I do a lot of backpacking. I know backpacking terminology. So when I see a pack labeled as having a “rainfly,” my antennae go up.
This is how this product is titled: “AmazonBasics Internal Frame Hiking Backpack with Rainfly.”
To protect a pack’s contents from rain, you either have an internal pack liner (a large, thick plastic bag into which all the contents are stuffed) or an external rain cover, which has an elastic border and which slips over the entire bag. Usually the pack cover is kept in an outside pocket, for quick deployment.
But a “rainfly”? No. That’s what double-wall tents have. Their inner portion consist of a sewn-in bathtub floor and bug netting, and then there’s an outer portion that protects against rain and is removable (for warm, clear nights).
So a tent has a rainfly, but a pack has a pack cover. If you can’t get the terminology straight, it means you likely haven’t gone backpacking.
But that’s not the worst thing about this AmazonBasics pack. The worst thing is the pack itself. It’s a brick.
Amazon says it weighs 5.11 pounds. That’s 82 ounces. The pack’s volume is listed as 65 liters. (Pack volume is measured in liters usually.) Compare a comparable pack that I have, the Ultralight Adventure Equipment (ULA) Ohm 2.0. Its capacity is 63 liters, but its weight is only 35 ounces, or 3 pounds less.
That’s a big difference when you’re schlepping gear up a steep trail. On an average backpacking trip in mild weather, those 3 pounds will represent one-eighth of the total carried weight of about 24 pounds, everything included. And what do you get for those extra 3 pounds?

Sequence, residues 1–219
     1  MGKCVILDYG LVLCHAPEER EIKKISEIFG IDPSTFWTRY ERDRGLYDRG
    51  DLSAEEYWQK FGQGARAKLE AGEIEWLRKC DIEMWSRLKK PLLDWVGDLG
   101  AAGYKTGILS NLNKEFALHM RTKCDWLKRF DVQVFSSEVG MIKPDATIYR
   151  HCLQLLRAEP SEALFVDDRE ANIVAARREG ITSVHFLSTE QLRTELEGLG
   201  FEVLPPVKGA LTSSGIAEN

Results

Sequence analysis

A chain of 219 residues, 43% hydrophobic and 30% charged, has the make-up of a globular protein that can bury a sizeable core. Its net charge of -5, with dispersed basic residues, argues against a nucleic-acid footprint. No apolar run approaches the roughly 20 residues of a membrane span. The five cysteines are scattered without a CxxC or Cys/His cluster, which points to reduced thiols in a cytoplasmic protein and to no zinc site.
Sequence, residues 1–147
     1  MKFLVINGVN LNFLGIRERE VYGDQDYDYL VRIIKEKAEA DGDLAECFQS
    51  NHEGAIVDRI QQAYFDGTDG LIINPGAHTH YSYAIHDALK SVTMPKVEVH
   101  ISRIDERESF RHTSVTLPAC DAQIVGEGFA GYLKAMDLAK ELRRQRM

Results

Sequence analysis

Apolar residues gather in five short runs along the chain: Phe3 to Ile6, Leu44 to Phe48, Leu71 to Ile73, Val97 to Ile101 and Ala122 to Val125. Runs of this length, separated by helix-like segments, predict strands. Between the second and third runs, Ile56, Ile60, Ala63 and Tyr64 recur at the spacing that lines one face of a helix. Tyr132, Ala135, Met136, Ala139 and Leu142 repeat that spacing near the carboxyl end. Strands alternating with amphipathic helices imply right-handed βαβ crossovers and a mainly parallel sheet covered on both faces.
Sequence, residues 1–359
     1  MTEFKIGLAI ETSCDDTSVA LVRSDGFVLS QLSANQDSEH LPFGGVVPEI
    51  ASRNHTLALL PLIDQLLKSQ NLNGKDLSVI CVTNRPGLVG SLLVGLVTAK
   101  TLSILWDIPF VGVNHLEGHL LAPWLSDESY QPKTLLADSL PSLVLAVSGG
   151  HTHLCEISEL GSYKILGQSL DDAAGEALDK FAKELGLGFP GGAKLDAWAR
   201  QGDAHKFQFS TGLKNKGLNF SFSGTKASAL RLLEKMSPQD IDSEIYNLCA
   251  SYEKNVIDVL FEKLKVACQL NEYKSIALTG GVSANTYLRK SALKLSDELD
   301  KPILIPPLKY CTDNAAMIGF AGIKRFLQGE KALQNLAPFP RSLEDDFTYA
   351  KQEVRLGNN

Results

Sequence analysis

Pockets and zippers, apparently. Just look at the picture. There’s a zippered compartment at the bottom for access to a sleeping bag: useless, because the sleeping bag is the last thing you take out of a pack, not the first.
On the sides are two large zippered pockets. For what? Not for water, because below those pockets are two mesh pockets where water containers can be carried. Besides, those upper pockets are too high up to be reached without the hiker having to take off the pack.
Then look at all the cinch straps. A few are necessary, but why have straps to cinch the sleeping bag compartment to the main storage area? Oh, yeah. It’s because there is a sleeping bag compartment in the first place.
There probably is an internal divider between it and the main compartment–wholly unnecessary in well-designed packs because they have no division of compartments: the whole pack is one big compartment into which items are stuffed atop one another to minimize volume.
There are other accoutrements that add to the weight of this pack, but the main culprit no doubt is the fabric. It’s probably thick and heavy and therefore cheap. Lightweight pack fabric is expensive, and this pack is anything but expensive.
The one thing this AmazonBasics pack has going for it is the price: $64.99. The ULA Ohm 2.0 costs $210.00. That’s a big difference, but with the ULA pack you save not only weight but your back.
I’m quite sure the AmazonBasics pack, while looking good in the product photo, will ride poorly on your back—not something you want on a long hike.
On a short hike (short in miles and duration), the 3 extra pounds may not mean much, nor will the general discomfort of the pack. If you can’t carry an extra 3 pounds on a hike of 3 miles (to a base camp from which you’ll do day hikes), then maybe you shouldn’t be hiking at all.
But on any serious hike, where you’re hiking more daily miles and for more days, the extra comfort and lighter weight of a well-designed pack can make all the difference. I know, because my back tells me so.
In my book How to Fail at Hiking Mt. Whitney I have a chapter on “Gear to Get and Gear to Forget.” I don’t mention this AmazonBasics pack, but I do provide pointers that can make the difference between having a pack that works and one that works you over.